--
    ~misfit~



    ---
    Outgoing mail is certified Virus Free.
    Checked by AVG anti-virus system (http://www.grisoft.com).
    Version: 6.0.515 / Virus Database: 313 - Release Date: 1/09/2003
     
    ~misfit~, Sep 7, 2003
    #7
  8. Nicolaas Hawkins

    Ian Boag Guest

    MB. True.

    I do quite a bit of graphic work with digicam and film scanner stuff.
    PSP using stuff from 3 MP dcam and 4000 film scanner. I'm happy with
    how it processes pix that are up to about 20 MB.

    I can afford a better machine/later OS but can't be bothered with the
    drama of shifting all the HDD contents. Drivers etc etc. There's so
    much stuff on it that came off the Net etc that I won't even THINK
    about a clean rebuild. Gor better things to do with the rest of my
    life :)

    Phillip Weston <> wrote:

    >On Sat, 06 Sep 2003 21:19:11 GMT, (Ian Boag)
    >scribbled:
    >
    >>I use a Celly 450. Win 98SE. Upgraded the RAM to max (512 Kb) and was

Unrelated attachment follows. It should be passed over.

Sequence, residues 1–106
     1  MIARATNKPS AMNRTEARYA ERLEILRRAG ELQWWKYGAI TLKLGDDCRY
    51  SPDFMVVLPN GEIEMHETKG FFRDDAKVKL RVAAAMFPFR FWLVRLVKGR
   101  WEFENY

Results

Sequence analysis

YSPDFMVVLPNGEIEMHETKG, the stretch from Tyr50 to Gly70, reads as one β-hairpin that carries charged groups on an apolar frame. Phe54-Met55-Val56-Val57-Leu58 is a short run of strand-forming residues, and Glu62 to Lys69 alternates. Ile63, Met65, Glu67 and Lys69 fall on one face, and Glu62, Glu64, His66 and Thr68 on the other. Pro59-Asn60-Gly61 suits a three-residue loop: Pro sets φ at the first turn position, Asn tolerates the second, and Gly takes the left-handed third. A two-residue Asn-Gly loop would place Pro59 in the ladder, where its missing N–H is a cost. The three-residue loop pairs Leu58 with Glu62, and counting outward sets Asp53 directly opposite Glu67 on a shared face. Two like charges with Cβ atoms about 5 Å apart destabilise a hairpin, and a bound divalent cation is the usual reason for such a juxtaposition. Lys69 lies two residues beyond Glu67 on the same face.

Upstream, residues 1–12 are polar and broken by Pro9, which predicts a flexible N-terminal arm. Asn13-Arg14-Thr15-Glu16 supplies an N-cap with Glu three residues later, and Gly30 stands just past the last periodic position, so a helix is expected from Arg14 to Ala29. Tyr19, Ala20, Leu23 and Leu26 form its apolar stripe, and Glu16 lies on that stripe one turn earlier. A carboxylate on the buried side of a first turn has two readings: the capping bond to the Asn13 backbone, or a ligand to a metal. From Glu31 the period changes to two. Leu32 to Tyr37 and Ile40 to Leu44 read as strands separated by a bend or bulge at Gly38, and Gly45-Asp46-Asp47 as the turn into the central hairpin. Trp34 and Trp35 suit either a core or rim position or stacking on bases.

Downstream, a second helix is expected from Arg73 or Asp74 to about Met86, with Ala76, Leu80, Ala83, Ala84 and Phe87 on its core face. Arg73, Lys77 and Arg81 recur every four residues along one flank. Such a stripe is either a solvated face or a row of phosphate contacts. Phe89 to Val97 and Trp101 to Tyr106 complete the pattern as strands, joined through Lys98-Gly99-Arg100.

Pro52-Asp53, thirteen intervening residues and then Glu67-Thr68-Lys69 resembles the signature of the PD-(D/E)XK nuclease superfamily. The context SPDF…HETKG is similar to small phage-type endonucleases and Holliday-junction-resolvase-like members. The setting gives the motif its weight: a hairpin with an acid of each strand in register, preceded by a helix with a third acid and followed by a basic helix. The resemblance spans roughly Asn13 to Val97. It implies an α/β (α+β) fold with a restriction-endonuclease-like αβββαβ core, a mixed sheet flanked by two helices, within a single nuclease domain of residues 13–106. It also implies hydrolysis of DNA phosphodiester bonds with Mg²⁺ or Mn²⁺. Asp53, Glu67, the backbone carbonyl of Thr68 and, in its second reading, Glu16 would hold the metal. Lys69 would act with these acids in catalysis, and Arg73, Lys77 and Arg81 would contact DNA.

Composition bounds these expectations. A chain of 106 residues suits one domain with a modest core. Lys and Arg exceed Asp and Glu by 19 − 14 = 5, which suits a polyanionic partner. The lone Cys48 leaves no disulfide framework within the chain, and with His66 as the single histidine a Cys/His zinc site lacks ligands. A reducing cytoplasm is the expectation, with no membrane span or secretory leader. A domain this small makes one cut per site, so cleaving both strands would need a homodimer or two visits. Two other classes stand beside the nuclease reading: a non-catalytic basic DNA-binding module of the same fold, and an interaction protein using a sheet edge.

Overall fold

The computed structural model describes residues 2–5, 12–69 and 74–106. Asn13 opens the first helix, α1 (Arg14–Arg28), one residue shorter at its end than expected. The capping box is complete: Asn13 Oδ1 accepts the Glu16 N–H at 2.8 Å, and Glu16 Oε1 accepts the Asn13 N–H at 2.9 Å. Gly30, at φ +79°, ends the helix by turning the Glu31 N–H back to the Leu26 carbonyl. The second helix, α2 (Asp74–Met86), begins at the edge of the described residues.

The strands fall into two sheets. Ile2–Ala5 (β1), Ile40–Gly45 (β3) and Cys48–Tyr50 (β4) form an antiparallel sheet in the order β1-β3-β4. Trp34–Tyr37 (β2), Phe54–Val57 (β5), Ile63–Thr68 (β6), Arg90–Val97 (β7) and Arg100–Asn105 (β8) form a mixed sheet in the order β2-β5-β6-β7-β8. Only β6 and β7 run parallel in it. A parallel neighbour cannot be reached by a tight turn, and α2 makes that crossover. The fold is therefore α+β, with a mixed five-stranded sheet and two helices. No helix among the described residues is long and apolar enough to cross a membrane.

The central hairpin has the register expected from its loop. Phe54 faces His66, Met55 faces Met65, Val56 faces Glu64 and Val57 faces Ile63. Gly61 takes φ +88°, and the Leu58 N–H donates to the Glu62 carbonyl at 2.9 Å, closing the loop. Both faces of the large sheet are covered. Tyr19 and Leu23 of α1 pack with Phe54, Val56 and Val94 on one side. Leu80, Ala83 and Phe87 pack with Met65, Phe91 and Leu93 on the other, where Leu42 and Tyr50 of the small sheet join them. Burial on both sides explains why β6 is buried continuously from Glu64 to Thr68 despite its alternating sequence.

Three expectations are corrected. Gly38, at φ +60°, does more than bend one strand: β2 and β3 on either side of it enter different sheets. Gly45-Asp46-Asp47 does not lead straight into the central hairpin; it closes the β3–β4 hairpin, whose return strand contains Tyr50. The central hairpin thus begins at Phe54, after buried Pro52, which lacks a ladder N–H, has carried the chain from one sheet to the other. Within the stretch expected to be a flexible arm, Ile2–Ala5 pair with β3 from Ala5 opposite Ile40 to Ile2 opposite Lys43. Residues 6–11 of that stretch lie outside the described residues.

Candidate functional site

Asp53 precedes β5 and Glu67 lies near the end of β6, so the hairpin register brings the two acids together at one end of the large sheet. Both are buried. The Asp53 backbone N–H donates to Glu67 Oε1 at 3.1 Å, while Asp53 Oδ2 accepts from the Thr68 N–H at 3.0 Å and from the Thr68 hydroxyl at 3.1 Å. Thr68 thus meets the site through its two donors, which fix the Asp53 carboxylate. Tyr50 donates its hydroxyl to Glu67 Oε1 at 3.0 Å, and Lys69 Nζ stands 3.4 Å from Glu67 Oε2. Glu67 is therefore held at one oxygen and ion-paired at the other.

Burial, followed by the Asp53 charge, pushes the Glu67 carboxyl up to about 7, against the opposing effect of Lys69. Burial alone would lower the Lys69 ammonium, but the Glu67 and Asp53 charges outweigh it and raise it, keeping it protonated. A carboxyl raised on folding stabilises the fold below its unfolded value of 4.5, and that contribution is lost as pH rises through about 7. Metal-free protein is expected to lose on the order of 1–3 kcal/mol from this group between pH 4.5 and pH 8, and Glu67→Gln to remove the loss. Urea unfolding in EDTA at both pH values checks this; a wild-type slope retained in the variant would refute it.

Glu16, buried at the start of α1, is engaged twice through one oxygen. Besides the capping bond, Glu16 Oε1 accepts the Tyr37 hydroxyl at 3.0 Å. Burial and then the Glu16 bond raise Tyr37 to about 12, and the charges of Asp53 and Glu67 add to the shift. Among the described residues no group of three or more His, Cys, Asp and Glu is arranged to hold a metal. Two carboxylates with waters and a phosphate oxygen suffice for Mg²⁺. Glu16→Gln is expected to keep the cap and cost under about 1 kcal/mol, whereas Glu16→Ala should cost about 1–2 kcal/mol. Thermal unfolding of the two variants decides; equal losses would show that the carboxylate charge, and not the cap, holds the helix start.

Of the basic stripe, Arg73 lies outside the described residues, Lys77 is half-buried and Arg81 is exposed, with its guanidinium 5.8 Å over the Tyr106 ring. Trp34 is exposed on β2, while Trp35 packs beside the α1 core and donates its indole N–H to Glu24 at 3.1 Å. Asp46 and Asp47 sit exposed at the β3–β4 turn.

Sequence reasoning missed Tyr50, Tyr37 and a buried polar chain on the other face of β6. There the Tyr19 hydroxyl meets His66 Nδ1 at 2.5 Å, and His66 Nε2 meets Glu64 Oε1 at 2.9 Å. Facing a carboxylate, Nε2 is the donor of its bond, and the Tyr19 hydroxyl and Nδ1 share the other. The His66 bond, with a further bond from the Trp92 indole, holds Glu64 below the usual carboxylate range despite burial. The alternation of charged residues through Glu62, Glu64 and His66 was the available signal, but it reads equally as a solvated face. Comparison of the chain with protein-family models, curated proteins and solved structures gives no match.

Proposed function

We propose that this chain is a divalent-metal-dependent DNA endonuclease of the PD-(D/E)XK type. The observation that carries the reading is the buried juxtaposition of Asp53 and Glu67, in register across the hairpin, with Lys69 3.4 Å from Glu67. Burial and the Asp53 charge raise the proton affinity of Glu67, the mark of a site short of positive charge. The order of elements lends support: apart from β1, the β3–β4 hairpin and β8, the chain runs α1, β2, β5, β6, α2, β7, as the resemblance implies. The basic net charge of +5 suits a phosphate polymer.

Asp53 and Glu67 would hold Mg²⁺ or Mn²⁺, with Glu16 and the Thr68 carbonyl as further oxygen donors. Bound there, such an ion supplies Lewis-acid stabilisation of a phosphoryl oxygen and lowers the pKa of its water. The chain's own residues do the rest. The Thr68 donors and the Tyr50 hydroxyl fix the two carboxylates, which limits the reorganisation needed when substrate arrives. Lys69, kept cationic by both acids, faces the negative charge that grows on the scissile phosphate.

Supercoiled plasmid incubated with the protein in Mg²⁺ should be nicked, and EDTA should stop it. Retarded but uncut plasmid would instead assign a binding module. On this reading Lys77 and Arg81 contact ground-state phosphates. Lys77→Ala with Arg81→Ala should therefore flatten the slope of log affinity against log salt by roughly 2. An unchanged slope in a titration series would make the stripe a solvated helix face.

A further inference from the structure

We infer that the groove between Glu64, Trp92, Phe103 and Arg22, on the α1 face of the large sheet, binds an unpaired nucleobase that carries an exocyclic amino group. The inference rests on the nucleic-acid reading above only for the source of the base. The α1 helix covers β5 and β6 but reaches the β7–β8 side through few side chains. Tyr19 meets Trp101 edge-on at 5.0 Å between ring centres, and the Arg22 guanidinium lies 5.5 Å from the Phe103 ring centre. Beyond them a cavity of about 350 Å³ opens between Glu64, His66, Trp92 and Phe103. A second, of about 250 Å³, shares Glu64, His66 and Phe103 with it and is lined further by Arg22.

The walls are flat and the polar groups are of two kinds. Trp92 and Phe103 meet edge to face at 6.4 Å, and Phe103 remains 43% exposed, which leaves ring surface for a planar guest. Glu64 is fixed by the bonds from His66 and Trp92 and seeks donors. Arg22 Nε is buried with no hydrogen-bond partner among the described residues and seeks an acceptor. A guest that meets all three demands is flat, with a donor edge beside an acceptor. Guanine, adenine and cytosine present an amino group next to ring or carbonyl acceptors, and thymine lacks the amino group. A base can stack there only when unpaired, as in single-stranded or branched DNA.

>>pleased with the improvement.

    >
    >Don't you mean 512MB?
    >
    >--
    >Phillip Weston
    >Taumarunui, New Zealand
    >
    >Remove the obvious spamblock to reply via e-mail.
     
    Ian Boag, Sep 7, 2003
    #8
  9. Nicolaas Hawkins

    E. Scrooge Guest

    "Ian Boag" <> wrote in message
    news:...
    > >What?
    > >For just doing emails and some other very light workloads?
    > >(which is all he's doing)
    > >LOL

    >
    > What are you going to do with the rest if your life Eb - now that you
    > know everything and have mind reading sorted too?
    >
    > >My other PC has a Gig of RAM and 128MB video card. The difference in